Sunday, January 12, 2014

"Have a seat"

 
It's a phrase that can mean many things. Some positive, like when you show up at a good friends place as they pour you a cup of hot coffee. Some not so good, like when your pissed off boss calls you into his office.

 
And then there's the "one of a kind" seat / seats that pop up all of a sudden.


I was summoned to attend to a family emergency a little over a week ago. I had limited access to email, and like access (or thereof) to the internet.

Last night, I rolled in after nearly nine hours on the road and settled in to open a mountain of mail, scroll through over 100 emails and to check on the "web".

Who woulda thought. Not one, but two, rare seats. Well actually chairs. But rare just the same, I guess. We've been active in the western antique arena since the mid sixties. My wife and I had a retail location for many years, with a focus on (go figure) western whiskies, as well as American antique oak furniture.
 
 





Lot #33 in American Bottle Auctions hard copy catalogue caught my eye. Neat piece to say the least. A quick look at the ABA lot #33 web page showed several closeup photos. Quarter sawn, brilliant flame grained tiger striped golden oak that appears from the photos to be domestic; as opposed to the ruddy European equivalents that flooded the US antique market in the late 1970's and 80's.
 
It caught my eye for a couple of reasons. First and foremost is that I have assisted the decendents of James (not John...) Shea re-obtain a great deal in the way of familiy memoarbilia over the years. I thought, at first glance, that it may be a fit for one of them who resides in the S. F. Bay Area. Secondly, it's just plain neat.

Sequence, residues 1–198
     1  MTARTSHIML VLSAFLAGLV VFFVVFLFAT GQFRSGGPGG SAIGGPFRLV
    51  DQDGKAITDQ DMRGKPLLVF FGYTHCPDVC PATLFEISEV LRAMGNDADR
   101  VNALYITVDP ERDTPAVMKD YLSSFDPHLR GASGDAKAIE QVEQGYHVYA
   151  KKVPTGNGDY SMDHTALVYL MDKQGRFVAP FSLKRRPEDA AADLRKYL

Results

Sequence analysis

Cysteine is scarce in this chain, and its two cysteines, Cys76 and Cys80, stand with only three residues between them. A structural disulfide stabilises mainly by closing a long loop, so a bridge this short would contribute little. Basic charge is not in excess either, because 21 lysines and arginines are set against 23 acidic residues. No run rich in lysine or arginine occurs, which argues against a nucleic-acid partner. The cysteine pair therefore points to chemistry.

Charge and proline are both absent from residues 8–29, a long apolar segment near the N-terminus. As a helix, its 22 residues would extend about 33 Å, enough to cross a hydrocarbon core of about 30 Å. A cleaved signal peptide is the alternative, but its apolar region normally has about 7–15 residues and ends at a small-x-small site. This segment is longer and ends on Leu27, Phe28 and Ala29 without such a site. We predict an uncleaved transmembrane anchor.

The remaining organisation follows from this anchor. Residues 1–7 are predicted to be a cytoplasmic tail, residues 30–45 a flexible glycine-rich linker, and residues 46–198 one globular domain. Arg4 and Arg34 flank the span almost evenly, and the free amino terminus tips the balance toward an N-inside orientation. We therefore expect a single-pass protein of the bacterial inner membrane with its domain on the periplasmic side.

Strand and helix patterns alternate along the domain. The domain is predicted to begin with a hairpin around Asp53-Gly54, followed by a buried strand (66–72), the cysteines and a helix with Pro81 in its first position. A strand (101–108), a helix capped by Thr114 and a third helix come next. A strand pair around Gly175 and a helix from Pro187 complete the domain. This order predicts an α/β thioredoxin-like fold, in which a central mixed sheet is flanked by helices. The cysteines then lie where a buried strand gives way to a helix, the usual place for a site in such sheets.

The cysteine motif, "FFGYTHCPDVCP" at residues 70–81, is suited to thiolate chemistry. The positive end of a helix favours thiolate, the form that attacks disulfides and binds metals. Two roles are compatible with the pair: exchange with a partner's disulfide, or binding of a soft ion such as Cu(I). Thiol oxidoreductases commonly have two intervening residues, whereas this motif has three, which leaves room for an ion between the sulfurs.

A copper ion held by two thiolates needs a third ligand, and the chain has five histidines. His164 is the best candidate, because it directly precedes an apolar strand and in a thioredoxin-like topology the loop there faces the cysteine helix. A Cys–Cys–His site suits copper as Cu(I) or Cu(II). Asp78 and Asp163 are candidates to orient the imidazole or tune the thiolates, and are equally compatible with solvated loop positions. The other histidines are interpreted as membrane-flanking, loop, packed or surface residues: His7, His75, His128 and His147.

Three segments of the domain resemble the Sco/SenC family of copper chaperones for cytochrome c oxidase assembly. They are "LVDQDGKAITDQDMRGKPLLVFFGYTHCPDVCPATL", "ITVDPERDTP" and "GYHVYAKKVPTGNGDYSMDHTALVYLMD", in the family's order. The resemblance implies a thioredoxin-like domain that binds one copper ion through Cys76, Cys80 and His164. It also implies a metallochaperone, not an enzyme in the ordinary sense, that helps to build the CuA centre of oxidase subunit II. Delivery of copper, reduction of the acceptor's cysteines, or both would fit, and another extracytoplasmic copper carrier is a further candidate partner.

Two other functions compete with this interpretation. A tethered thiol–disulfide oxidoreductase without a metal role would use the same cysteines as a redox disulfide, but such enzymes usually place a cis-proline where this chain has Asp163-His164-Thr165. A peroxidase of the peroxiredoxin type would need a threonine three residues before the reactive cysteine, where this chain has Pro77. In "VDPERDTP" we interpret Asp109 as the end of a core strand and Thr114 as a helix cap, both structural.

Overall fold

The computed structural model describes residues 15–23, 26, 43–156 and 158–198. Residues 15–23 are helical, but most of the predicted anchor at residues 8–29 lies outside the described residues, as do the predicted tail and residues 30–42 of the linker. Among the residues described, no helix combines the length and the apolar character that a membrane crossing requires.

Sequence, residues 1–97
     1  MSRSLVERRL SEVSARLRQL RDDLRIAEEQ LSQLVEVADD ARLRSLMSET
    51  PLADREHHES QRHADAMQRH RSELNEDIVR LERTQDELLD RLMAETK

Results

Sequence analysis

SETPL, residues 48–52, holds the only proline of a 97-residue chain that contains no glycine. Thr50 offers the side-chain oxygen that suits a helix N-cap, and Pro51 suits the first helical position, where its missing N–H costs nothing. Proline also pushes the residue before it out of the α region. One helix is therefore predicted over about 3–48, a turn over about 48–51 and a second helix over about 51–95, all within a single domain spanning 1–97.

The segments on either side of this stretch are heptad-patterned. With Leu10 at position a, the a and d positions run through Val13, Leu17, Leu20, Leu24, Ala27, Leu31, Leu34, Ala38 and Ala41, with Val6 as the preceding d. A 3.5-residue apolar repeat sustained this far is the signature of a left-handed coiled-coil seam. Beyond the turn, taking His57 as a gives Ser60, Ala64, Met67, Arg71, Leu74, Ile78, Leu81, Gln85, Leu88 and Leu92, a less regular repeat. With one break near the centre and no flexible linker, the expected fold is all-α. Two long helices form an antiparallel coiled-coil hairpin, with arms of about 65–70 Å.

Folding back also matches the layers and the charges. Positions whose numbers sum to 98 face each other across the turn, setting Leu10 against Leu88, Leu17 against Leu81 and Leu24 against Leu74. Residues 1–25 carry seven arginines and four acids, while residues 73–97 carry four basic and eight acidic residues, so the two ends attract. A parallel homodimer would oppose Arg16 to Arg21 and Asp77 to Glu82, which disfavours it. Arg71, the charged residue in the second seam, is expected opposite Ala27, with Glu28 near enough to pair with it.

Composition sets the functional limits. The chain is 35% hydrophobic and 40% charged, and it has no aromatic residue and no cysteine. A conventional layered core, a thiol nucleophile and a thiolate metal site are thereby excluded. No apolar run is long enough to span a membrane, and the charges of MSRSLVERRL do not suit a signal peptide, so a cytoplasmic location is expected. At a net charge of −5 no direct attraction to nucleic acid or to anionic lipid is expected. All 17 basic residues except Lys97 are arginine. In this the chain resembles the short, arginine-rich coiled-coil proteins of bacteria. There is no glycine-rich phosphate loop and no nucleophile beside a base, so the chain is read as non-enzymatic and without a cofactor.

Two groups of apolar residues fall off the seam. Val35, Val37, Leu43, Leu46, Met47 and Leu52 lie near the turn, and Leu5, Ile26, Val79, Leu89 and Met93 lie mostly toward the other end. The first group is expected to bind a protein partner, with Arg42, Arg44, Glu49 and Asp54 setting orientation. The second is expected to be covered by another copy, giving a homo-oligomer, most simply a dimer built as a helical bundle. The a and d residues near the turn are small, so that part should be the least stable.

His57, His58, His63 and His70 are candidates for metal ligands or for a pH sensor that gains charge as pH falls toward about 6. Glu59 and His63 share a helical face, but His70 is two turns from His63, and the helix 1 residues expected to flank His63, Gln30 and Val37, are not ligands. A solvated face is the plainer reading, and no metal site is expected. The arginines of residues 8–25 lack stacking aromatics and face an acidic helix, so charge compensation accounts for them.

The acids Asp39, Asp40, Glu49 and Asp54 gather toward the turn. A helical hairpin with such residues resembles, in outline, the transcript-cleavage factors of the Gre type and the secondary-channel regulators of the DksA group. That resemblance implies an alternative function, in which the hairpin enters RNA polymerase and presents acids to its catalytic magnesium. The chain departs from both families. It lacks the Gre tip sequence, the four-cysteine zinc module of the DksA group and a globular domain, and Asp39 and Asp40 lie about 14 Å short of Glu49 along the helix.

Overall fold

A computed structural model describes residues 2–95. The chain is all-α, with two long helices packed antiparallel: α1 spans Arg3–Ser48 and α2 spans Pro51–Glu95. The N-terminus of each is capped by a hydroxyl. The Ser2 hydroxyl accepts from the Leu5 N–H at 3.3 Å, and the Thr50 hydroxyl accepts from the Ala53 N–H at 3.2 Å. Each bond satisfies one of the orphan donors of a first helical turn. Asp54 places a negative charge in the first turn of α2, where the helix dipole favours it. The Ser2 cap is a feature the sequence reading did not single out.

But the description included a lot of suppositions. To be fair, when something this unusual pops up, it's sometimes tough to come up with the facts, and nothing but the facts... ABA attributed the chair to the Shea Bocqueraz Co, of S.F. based on a logo that is present on the upper half of the chair; SB Co.
If so, the chair would date to ca. 1903, the time that the vertically embossed fifth mold was slugged out and modified for the final time with a "dash" instead of "&" to reflect dropping the "&" Co. from the corporate name, until 1917 when the company closed it's doors.
 
 
 
 
That in turn puts the chair into the transitional period of Victorian furniture style and on into the Arts & Crafts (or Mission) era. Based on the style of the legs, and the color of the stain, the carving and the type of finish, the age of the chair could conceivably be a fit to either of these styles.
 
Following please find the published description.